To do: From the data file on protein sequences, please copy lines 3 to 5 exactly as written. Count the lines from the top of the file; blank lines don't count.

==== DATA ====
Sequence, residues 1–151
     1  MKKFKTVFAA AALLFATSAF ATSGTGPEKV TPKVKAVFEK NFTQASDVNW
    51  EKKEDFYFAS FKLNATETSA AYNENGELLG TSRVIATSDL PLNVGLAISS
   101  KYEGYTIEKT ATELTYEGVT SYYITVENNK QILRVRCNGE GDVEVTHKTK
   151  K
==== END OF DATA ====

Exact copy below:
    51  EKKEDFYFAS FKLNATETSA AYNENGELLG TSRVIATSDL PLNVGLAISS
   101  KYEGYTIEKT ATELTYEGVT SYYITVENNK QILRVRCNGE GDVEVTHKTK
   151  K